Even the most conscious of weight-watchers find themselves on a slippery slope during Diwali as sugary treats and drinks weaken their resolve. But if there's one company that wants people to continue to indulge their sweet tooth but without the calories, it is PureCircle - the world's largest producer and innovator of stevia, a naturally sweet plant first discovered in Paraguay 200 years ago.
Promising 250-300 times the sweetness of sugar minus the calories, and championing itself as a healthier, natural alternative to artificial sweeteners, PureCircle is pitching stevia as India's answer to its chronic ill-health caused by a diet high in salt, sugar and fat, earning the country the infamous reputation of being “the diabetic capital of the world”.
A collaborative report by the Indian Council of Medical Research (ICMR), the Public Health Foundation of India (PHFI), Institute for Health Metrics and Evaluation (IHME) titled ‘India: Health of the Nation’s States — The India State-Level Disease Burden Initiative’ states 72 million Indians suffer from Type-2 diabetes today, a figure expected to almost double to 134 million by 2025 if current dietary trends continue.
But rising consciousness is prompting more Indians to rethink their unhealthy consumption habits. According to a 2017 report by Mintel Research, 85 percent Indians are looking to cut back on sugar and 78 percent on the use of artificial sweeteners, a cue that bodes well for PureCircle, which accounts for 75 percent of the global stevia market worth $200-250 million. This market is growing at a CAGR (Compound annual growth rate) of 20-25 percent.PureCircle says it has only just begun to scratch the surface in India, an important market in the company’s fastest growing region – the Asia Pacific.
India’s FSSAI (Food Safety and Standards Authority of India) cleared the decks for the use of stevia in November 2015, four years after the scientific panel for food additives at the country's apex food regulator first recommended its usage.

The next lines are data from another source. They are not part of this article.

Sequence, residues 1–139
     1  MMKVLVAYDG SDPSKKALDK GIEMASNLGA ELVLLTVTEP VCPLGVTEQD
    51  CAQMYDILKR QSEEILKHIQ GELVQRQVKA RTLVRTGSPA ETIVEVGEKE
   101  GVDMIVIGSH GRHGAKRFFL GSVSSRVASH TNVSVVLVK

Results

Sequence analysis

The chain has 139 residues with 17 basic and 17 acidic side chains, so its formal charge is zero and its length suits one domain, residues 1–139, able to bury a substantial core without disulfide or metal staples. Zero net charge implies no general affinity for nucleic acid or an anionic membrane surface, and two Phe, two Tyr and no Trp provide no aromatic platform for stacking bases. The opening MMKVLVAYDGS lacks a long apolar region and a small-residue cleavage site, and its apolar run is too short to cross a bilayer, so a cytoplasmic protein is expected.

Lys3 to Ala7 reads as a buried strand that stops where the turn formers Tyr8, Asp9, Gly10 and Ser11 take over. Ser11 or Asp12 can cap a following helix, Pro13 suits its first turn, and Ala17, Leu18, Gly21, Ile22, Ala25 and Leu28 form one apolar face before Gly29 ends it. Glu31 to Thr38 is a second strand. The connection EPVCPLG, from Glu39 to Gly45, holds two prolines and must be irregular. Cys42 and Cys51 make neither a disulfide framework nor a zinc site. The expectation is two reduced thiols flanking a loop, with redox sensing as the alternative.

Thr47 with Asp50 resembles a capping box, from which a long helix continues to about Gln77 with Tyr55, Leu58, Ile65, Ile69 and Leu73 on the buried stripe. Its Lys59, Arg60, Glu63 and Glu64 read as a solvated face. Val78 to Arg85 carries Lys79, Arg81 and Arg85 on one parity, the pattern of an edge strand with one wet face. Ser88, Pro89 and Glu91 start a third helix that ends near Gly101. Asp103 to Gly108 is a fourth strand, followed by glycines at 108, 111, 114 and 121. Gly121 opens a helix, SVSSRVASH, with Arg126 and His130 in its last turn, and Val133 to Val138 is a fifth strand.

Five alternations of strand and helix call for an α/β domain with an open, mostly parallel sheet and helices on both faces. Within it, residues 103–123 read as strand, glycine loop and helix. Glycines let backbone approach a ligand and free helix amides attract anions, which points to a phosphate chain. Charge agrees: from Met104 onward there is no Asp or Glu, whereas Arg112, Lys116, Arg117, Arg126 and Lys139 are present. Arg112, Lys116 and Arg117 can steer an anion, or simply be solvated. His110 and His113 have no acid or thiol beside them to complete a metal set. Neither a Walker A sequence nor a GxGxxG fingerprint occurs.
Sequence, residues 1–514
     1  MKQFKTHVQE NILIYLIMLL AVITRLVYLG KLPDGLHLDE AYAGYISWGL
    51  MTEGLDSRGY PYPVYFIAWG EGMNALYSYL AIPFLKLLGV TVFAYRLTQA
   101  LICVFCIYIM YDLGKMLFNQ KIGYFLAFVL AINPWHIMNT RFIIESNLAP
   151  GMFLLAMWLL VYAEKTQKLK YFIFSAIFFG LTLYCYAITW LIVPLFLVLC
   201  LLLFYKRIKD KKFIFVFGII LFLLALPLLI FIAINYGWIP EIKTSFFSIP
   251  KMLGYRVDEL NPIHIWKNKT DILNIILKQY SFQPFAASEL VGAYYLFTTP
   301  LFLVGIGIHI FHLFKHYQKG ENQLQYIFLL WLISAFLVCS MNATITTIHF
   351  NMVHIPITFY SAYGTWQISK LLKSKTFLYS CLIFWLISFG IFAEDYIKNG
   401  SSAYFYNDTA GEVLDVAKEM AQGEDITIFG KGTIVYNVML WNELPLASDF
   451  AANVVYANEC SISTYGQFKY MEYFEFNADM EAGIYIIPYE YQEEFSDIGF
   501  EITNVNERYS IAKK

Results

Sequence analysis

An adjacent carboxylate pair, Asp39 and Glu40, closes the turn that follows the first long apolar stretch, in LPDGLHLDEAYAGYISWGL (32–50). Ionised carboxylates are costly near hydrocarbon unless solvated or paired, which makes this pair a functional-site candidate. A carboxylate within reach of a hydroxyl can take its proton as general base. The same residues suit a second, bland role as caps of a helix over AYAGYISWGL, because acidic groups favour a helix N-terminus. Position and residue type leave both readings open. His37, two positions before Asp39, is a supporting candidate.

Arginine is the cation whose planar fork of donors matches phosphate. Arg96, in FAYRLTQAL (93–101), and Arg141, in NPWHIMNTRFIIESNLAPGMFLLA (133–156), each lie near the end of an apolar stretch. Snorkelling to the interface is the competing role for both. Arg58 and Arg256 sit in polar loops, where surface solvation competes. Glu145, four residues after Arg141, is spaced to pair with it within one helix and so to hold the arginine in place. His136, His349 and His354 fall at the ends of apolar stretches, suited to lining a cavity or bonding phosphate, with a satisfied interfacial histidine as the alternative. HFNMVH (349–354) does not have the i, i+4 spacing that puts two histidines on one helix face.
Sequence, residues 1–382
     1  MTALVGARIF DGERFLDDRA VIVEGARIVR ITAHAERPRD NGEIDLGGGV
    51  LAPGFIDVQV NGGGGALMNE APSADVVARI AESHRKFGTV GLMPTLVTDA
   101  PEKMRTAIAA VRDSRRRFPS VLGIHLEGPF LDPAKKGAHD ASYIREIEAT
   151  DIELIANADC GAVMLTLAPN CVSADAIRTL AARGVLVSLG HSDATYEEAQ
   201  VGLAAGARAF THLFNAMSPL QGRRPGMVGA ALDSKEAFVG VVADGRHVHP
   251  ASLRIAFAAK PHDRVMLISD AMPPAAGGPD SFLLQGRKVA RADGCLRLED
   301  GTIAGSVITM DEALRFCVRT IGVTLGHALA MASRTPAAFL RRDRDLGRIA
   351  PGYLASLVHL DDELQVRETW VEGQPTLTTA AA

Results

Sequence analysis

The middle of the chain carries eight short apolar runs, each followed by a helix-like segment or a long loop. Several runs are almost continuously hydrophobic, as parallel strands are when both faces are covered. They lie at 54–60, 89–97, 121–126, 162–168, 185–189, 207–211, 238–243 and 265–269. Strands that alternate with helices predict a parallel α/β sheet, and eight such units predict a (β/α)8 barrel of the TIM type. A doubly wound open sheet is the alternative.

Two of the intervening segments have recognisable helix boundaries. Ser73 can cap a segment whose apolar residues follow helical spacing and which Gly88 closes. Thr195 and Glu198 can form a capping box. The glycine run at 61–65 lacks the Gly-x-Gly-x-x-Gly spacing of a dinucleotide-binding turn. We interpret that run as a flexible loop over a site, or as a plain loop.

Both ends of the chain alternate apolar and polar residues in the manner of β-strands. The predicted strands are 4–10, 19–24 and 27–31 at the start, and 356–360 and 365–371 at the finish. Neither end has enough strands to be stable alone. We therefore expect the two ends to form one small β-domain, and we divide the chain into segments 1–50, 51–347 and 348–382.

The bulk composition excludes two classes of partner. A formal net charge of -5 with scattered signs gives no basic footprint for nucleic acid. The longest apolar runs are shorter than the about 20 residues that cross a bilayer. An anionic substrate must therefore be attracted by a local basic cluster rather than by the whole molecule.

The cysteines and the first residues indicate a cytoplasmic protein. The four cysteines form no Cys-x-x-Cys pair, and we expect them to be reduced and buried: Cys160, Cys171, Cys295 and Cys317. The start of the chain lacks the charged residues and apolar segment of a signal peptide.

In 2016, PureCircle forayed into the country and in 2017, set up its first South Asia lab in Gurugram, Haryana. The company has partnered with leading food and beverage players to formulate stevia variants for popular beverage brands including PepsiCo's 7Up and Tropicana, Coca-Cola's Mazaa Gold, Tata Green Tea and Danone Yakult Probiotics and Zydus's Sugar-Free Sweeteners.
“Stevia has gone from being a niche to finding itself in four out of 10 products, which is making them mainstream. And you can see closer home to India, in the last 18 months that PureCircle has been operational in India, there's been a plethora of products and categories which have embraced stevia,” said Navneet Singh, vice president - Asia Pacific and Head of South Asia region at PureCircle.
This year, hot beverages, chocolate and dairy will be leading categories for product launches with stevia. The company is also hoping Stevia finds itself a regular space in homes by replacing sugar and artificial sweeteners, with work underway on a host of table-top products.
The APAC region is observed to be the fastest growing region for stevia due to growing awareness and high investment by manufacturers in emerging countries, says a report by Market Research Future.
PureCircle says new global product launches grew 27 percent in the first half of 2018 over the same period in 2017, with the APAC region accounting for 42 percent, followed by Europe at 22 percent. That said, PureCircle has a larger objective in India - to cultivate its proprietary Starleaf variety and double farm incomes in line with Prime Minister Narendra Modi's vision for 2022.In January, Modi promised farmers a good price for their harvest and low input costs as his government initiatives to double their incomes over five years.
To that end, the company has begun conducting agricultural trials in Punjab, Uttar Pradesh, Jharkhand, Madhya Pradesh and Tamil Nadu.
PureCircle says India's topography and climatic conditions are ideal for stevia cultivation, requiring 1/5th the land required for cane production and 90 percent less water, a boon to water-scarce states.
“Stevia allows farmers to engage themselves in a far better livelihood than with any other cash crop or natural sweetener. The advantage with Stevia is 2-fold. When we contract farm, we specifically grow the Starleaf variety and farmers in India are known to grow three harvests in a year. In case of contract farming, we guarantee buyback, offering farmers an income of $2.5/ kg of stevia dry leaf,” says Singh.